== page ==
IMF Points to Weaknesses in Trinidad and Tobago’s Tax Administration

The IMF said the Inland Revenue Division’s (IRD) reform needs are substantial.


PORT OF SPAIN, Trinidad, Friday March 23, 2018
– The International Monetary Fund (IMF) has found several deficiencies and weaknesses in Trinidad and Tobago’s tax administration system.

That was revealed in the findings of an assessment carried out by the Washington-based lending agency using the Tax Administration Diagnostic Assessment Tool (TADAT).

The IMF said the Inland Revenue Division’s (IRD) reform needs are substantial. Among the many deficiencies identified were: the unreliable state of the taxpayer registration database; delays in processing of accounting transactions; and weak compliance risk management methodologies that severely hamper IRD operations, limits its capacity to improve taxpayer compliance and generate additional tax revenues.

“While the assessment team observed strengths in the use of third party data to support audits, a well-structured tax dispute resolution process, and a relatively sound tax administration IT system, there are substantial weaknesses that impact all outcome areas,” the (TADAT) performance assessment report stated.

Those weaknesses include: an inaccurate taxpayer registration database with uncertainty regarding the number of active taxpayers; inaccurate taxpayer accounts arising from delays in processing accounting transactions; under-developed compliance management methodology; inefficient business processes; and general shortage of technical staff.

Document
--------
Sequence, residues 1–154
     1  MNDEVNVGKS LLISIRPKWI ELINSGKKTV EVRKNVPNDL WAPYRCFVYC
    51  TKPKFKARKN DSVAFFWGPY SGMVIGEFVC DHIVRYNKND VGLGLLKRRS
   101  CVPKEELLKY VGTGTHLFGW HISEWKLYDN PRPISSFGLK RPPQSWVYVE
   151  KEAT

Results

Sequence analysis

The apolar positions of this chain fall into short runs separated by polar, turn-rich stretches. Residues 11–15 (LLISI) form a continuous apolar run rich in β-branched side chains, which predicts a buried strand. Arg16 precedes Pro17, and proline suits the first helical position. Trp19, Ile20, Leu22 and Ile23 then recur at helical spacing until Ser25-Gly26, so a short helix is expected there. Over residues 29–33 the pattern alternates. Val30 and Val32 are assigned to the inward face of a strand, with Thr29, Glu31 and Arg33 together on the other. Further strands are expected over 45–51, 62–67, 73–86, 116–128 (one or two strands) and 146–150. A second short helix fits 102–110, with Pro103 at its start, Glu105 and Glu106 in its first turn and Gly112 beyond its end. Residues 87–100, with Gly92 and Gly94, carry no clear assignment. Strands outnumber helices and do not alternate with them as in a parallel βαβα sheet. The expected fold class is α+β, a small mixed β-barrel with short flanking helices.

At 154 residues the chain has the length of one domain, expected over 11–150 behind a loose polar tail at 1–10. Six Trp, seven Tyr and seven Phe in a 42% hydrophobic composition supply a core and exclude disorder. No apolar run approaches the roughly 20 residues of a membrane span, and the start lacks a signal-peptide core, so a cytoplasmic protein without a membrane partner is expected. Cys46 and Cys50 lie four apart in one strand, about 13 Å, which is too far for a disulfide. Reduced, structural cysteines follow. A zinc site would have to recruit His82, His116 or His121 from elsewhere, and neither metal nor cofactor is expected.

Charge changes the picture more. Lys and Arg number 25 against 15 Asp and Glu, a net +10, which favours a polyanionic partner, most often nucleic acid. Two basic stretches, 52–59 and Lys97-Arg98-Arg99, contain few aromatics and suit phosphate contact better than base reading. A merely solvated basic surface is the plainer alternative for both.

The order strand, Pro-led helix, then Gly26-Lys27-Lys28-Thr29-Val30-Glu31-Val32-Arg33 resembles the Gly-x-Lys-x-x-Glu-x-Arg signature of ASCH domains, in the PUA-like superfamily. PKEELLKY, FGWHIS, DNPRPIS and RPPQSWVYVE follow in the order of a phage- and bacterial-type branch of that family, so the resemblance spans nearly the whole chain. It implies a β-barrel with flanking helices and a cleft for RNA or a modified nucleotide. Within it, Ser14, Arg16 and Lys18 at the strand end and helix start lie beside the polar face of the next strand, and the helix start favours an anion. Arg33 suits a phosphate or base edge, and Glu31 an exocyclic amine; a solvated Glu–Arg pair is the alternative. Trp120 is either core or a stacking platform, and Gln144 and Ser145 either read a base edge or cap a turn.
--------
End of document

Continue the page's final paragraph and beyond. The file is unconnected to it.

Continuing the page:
“All these issues impact on the credibility, reliability and ready availability of tax administration data,” the report said.

Given the deficiencies identified, the IMF team said it was unable to assess the true performance situation in a number of areas.

In 18 of the 28 indicators, Trinidad and Tobago was graded ‘D’ – the lowest level of performance which denotes inadequate performance or insufficient information to determine and score the level of performance.

An ‘A’ grade, which denotes performance that meets or exceeds international good practice, was given in two areas: use of efficient collection systems and existence of an independent, workable, and graduated dispute resolution process.

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